A Piece of the Moon
We met over a Lonely Planet guide that had seen better days.
We circled Barcelona and Istanbul with our homework-blunted pencils. We contemplated the world outside our lives while staring out of dusty windows in New Delhi. We poured over texts on the Indus Valley Civilization while practicing our splits; we downward-facing-dogged by the Mughal ruins in Lodhi Garden; we searched for narrow corridors in middle school basements perfect for imperfect pirouettes.
We skipped class that one time to watch Blood Diamond (or was it The Departed?) and hang with boys who baked brownies without hash.
We were pre-cynical and pre-ironic and didn’t quite care about the difference between travelers and tourists and walked on cobbled streets asking for directions to Roman piazzas and gelato stands; we rode bicycles through labyrinthine lanes of Spanish neighborhoods, and packed picnic baskets for lazing away the hours by the banks of the Seine.
We are separated by rivers and mountains and nations and seasons and latitudes and (9.5) hours and a sliver of apathy.
When I smell yoga mats in a crowded class in New York, I think of us.
When I drink pamplemousse, warm beer, apple-flavored vodka, ginger-cardamom chai, and mediocre white wine with cheese spread (and nothing to spread it on), I think of us.
When I taste rum-soaked strawberry pies or butter-soaked clams, hastily-assembled fajitas, and egg parathas(1) from under a bridge, I think of us.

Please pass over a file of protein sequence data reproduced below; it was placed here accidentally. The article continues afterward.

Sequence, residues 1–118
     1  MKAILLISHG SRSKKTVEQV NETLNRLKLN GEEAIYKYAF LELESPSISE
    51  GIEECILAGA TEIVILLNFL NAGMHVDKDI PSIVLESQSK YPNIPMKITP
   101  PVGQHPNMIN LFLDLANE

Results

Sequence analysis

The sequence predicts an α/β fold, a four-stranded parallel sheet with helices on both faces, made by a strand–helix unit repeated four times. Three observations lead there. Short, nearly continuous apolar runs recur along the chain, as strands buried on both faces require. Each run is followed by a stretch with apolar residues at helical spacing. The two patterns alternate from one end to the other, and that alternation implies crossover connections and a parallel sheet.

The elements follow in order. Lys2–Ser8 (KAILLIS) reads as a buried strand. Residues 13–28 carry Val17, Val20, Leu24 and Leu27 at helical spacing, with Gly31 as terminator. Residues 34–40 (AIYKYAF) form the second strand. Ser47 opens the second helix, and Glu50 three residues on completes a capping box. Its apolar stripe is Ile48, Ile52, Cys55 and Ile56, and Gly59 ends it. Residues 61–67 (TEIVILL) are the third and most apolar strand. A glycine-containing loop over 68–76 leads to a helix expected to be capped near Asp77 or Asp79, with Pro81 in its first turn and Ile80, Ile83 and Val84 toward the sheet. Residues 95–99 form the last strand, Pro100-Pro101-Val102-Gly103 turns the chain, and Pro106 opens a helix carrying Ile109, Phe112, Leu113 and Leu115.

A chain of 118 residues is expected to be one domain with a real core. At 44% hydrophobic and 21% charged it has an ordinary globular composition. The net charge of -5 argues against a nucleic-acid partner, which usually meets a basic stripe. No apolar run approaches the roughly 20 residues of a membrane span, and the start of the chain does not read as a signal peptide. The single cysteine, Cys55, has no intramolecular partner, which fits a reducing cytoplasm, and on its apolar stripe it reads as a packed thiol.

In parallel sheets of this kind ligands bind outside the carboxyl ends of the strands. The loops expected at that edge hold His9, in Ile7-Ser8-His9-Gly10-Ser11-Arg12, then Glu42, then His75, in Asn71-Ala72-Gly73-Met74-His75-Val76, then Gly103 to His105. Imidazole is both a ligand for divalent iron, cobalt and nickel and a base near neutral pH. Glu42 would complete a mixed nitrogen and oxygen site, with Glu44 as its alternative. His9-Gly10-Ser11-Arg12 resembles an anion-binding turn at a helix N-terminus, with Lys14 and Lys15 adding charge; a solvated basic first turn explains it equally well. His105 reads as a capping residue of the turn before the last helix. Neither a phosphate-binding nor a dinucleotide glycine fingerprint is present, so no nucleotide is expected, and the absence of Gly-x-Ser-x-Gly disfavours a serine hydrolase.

When I wonder about the number of tomatoes in a pound, I think of us buying vegetables off a street vendor in Bombay and getting conned.
When I see a broken-in pair of jazz shoes or regret the fading scars on my feet, I think of the hours we spent in a dimly-lit room full of mirrors dreaming of a moment on the stage.
When I dream about everything that’s possible and everything that no longer is, I think about that note in my yearbook: “If the delusions start to fade, sing ‘Stand By Me’ and remember the time we invented awesomeness.”
When I put my hand in my pocket and feel a piece of the moon, I think of when we danced on the stars.
When everything is perfect and nothing is, I think of you my huckleberry friend. I think of the original drifters now standing still.
1 Paratha: flatbread that originated in the Indian subcontinent
Jasveen Bindra grew up in India and moved to Washington, D.C. to earn a master’s degree in International Conflict. She currently works in New York at a non-profit focused on poverty and development issues in Asia and Africa. Find her on instagram @gemmazemma.